If you’ve ever taken a photography class in college, odds are you’ve had one of these in your hands. The Time-honored “perfect student camera” is a title often applied to this camera, as well as the Canon AE-1 and, occasionally, the Minolta X700.. Why is that? Simple reason is that this camera is all the things you would want a student camera to be… durable, minimalist in its layout, and decidedly functional.
The K1000 is a fully-manual, mechanical film camera built on the design of the earlier Pentax Spotmatic, but utilizing a proprietary K-mounted line of lenses, rather than the M32 lens mount of the Spotmatic. It’s built like a tank, able to take a battering inside your backpack and still shoot an above-average photo.
There are no frills, the only controls are the minimum of what a photographer would need: Aperture control, shutter speed dial, and the focusing ring. They produced oodles of these things between 1976 and 1997, I recall seeing a camera body selling for 100 bucks on the shelf at KMart as a teenager, more than I had to spend on a camera at the time (I made 3.35 an hour sweeping warehouse floors part-time), but it’s a testament to the wide availability to the everyman market at the time. Nowadays you can find one on eBay for 60 or 70 bucks with a kit lens, they aren’t rare.
I’ve mentioned, several times, my first photographic mentor, Bob (the guy with a skateboard, a tattoo and a sweet mullet), this was the camera he taught me photography on until I acquired my own Spotmatic. So suffice it to say, this was the second film camera I added to my newly-starting collection many years ago. It’s a really nice camera, and lives up to my recollections of grandeur. I say grandeur, but the fact is that there is nothing truly special about this camera, but that’s actually part of its charm.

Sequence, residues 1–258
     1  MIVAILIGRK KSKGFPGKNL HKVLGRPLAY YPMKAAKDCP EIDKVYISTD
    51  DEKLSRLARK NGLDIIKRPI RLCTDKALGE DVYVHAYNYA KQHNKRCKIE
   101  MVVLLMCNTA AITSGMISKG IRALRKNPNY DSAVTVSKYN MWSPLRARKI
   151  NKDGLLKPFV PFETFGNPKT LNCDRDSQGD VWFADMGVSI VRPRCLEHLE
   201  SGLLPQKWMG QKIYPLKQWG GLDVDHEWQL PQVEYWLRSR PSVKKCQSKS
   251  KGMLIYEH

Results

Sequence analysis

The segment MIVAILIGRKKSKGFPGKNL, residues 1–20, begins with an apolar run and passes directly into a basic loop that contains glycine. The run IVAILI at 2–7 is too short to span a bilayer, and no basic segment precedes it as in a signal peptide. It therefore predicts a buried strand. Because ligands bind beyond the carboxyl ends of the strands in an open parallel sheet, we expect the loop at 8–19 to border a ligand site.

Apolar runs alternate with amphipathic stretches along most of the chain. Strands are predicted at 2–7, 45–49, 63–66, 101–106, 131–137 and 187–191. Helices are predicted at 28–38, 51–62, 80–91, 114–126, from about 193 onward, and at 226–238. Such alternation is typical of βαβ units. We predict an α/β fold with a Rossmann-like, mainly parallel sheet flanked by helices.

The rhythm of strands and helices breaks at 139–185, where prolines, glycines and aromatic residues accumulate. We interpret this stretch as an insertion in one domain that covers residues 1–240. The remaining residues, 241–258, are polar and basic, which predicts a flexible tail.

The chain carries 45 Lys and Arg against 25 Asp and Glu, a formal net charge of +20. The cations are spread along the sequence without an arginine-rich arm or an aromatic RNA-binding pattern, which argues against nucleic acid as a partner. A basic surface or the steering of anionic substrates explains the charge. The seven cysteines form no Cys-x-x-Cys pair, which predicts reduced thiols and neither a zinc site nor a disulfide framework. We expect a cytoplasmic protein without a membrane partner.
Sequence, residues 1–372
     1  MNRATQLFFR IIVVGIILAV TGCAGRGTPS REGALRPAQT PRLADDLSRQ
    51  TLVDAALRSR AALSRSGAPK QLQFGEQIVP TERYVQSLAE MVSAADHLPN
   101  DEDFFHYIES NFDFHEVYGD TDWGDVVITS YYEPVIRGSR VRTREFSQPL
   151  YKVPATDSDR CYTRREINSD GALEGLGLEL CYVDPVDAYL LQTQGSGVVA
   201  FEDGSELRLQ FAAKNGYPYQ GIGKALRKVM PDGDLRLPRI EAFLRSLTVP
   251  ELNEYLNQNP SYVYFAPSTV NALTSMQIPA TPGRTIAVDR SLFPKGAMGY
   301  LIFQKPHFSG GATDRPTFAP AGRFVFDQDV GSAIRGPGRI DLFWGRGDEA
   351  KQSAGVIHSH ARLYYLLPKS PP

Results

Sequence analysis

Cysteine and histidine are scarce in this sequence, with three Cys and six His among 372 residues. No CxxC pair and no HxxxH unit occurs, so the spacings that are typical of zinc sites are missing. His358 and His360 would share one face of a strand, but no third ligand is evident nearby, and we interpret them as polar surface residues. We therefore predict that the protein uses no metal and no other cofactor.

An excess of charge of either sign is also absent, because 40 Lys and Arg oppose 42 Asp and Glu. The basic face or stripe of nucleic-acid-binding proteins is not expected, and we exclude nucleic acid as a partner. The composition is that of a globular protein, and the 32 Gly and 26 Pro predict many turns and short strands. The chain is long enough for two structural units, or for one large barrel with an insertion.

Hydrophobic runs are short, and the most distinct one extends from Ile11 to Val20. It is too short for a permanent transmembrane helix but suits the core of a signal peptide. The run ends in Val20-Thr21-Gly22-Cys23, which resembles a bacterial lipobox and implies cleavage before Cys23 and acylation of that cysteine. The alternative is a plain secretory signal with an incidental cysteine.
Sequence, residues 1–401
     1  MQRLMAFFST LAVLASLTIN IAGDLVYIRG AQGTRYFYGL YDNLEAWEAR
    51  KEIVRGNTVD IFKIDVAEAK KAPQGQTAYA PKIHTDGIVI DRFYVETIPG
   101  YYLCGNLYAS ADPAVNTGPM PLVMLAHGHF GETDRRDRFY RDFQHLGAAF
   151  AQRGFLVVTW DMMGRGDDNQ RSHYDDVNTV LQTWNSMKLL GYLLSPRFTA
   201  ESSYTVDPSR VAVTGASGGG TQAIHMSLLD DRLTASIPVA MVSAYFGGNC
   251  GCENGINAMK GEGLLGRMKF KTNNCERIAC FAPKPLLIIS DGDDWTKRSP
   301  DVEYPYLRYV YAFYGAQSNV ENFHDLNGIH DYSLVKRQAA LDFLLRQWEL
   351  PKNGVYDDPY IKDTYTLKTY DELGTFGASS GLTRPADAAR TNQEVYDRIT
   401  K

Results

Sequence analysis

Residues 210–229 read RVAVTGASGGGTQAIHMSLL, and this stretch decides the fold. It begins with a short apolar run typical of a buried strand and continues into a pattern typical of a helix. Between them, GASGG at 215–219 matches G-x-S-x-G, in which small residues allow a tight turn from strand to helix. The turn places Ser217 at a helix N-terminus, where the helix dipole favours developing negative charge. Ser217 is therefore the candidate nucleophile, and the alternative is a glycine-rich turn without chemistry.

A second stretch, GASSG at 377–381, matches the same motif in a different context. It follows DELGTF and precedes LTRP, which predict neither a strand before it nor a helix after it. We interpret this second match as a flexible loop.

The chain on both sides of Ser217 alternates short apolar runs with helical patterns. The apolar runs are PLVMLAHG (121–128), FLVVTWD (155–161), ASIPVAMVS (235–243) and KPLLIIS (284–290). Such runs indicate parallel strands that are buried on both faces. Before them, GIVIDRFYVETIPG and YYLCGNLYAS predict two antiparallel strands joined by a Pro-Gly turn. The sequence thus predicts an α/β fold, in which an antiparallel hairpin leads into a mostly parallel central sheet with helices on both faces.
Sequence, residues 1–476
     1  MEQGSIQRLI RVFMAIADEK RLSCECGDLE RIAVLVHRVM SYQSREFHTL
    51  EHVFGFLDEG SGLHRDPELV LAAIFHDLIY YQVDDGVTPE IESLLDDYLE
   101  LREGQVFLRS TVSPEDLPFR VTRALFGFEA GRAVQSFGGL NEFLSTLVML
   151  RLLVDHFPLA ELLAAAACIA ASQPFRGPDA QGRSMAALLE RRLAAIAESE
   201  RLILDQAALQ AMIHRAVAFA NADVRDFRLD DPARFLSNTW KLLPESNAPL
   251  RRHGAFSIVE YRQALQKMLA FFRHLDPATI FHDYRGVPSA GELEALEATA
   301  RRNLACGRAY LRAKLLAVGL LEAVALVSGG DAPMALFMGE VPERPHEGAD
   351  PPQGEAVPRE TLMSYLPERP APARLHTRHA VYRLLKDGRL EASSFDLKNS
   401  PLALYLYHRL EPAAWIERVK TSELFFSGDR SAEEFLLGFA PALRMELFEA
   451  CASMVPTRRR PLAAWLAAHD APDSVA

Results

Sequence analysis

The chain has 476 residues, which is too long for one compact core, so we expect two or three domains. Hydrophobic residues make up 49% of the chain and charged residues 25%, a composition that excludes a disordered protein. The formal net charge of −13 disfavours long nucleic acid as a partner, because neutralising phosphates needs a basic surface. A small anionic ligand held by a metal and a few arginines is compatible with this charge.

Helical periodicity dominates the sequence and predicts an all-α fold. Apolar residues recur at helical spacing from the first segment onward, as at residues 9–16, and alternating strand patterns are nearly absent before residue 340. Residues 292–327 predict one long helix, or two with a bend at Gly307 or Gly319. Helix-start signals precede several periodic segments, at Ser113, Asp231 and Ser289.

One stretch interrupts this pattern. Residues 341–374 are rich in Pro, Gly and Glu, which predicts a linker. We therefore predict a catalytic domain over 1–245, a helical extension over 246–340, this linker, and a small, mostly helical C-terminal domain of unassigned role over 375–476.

Shutter speeds max out at 1/1000 of a second, there is no depth-of-field preview, no auto focus, no exposure adjustment dial, there’s not even an on and off switch – just open the lens cap and the light meter is on. It takes a button cell battery but that only controls the light meter, a meter that consists of a needle that rises and falls with the spinning of the aperture ring until you get it right in the middle… or roughly so. “Spin it so it’s closer to the top than to the bottom, it’s better to get a pinch more light than a pinch not enough” Bob would tell me, his sweet mullet blowing in the upstate New York breeze (which smelled faintly of diesel exhaust or a paper mill, most likely). This simplicity forces you to create the ideal exposure situation for what you hope to achieve. There are no short cuts available, not even a simple shutter or aperture priority mode. Eyeball it and see what happens when you hit the darkroom.
Years later, when I got back into analog photography, the basic principles I was used to with these early Pentax cameras was at the forefront of my memory. So much so that I was amazed when I picked up cameras that had an aperture priority setting, or an exposure adjustment knob, or even the ability to shoot -faster–than 1/1000 of a second. My newest Nikon can shoot in 1/8000, and my teenage brain is blown. Of course, that same camera would have cost me 4,000 bucks as a teenager. Lavin’s Warehouse didn’t have nearly enough floors to sweep to get me that kind of camera, but if I did have one I would have started my education at a disadvantage, as I would never be forced to learn the very basics like a K1000 demands of you.
I have no idea how new or how old this K1000 camera of mine is (there’s ways to find out but I don’t care enough to do so right now), but it still works fantastically, and I suspect it will continue to shoot well for decades to come.